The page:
Kerri Arsenault, Mill Town: Reckoning with What Remains (Non-fiction)
Review by David Vermette

KERRI ARSENAULT, Mill Town: Reckoning with What Remains, New York: St. Martin’s, 2020. 352 pp., paper, $21.49. ISBN: 9781250155931

reviewed by David Vermette

Driving back to Massachusetts from visiting my grandparents in Maine, my dad would steer our family’s 1972 Ford LTD through Westbrook, a small town just inland from Portland. One of several kids piled in the back of that station wagon, I can still conjure an olfactory memory of the town’s paper mill, although I’m not sure I’d want to. It was an aroma you sensed with your eyes, as well as your nose. “People get used to it,” I remember my mother commenting more than once, but my pre-teen brain couldn’t put together that an insatiable demand for paper is the reason some people have to “get used” to their town smelling like several chicken farms’ worth of rotten eggs.

Kerri Arsenault, author of Mill Town, a haunting work of nonfiction, hails from Mexico, which, along with neighboring Rumford, is another paper-manufacturing center in Maine. Her eclectic debut fuses memoir with creative nonfiction and journalism as she investigates the environmental impact of her hometown’s paper industry. A couple of generations of Arsenault’s family, including her father, labored in the local paper mill. Her father’s death raised questions for Arsenault, and not only about the health hazards of mill work. It leads her deeper into an odyssey where she interrogates her identity, the fate of the working class, and its condition as the internally colonized.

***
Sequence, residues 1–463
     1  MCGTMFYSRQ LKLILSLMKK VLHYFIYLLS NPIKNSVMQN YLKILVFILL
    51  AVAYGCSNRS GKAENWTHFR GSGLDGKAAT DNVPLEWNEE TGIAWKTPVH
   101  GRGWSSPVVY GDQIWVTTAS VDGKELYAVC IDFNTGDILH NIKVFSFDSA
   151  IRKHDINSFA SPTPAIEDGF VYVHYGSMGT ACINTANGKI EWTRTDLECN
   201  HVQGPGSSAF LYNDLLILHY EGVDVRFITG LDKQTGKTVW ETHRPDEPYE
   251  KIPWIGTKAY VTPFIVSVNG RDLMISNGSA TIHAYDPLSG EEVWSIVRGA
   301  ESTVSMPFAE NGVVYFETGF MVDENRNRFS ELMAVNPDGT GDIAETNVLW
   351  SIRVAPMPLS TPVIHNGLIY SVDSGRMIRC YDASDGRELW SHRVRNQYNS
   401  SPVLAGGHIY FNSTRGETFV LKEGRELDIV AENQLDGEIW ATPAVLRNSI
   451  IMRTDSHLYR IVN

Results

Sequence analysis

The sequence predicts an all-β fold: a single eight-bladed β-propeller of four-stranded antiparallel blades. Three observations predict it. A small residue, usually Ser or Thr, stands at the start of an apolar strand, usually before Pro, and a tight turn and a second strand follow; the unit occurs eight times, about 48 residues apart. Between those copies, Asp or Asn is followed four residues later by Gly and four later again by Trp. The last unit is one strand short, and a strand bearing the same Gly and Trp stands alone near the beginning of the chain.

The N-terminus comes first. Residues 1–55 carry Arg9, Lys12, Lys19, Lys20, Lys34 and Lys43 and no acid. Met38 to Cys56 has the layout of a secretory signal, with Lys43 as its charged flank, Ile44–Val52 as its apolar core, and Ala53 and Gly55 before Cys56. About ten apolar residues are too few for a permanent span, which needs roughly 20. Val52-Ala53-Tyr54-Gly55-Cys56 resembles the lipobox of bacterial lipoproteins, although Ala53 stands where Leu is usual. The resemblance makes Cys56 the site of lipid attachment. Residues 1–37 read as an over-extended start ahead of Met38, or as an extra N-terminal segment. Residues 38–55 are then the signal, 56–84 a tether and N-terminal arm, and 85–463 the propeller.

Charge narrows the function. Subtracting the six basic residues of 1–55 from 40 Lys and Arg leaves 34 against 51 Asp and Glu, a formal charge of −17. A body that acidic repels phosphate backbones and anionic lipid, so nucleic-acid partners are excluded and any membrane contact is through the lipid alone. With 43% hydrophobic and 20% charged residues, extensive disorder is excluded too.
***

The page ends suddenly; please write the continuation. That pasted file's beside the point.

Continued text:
Arsenault’s impressively researched work raises far more questions than it answers: What is the effect on public health when buried toxins ascend the food chain? Is anyone tracking that? What is the cumulative effect of toxins, not only in the mill town, but in the paper products themselves distributed far and wide; or in food, like Maine’s lobsters with their habitat right downstream from the factory-polluted Androscoggin that runs through Mexico?

She explores the depths of corporate deceit and the connections between environmental science, industry, and government that generate a confusing knot of contradictions when she digs for the truth. Does anyone within these sectors know how deep our environmental disaster goes? And what about the generations of people--the ones who must “get used” to the smell-- that the paper industry is happy to keep laboring in a region known as “Cancer Valley”?

Arsenault leaves us with a baffling uncertainty, with a gnawing ambiguity about a great deal of these questions she poses. She searches through boxes of material; interviews numerous subjects both eager and otherwise; studies, reads, observes; and does her genealogy homework, traveling to ancestral homelands. In the end she finds that nothing written on paper is what it seems: from the record of her ancestor that named a town of origin in Canada that did not exist, to the heartbreakingly inconclusive information on her father’s death certificate.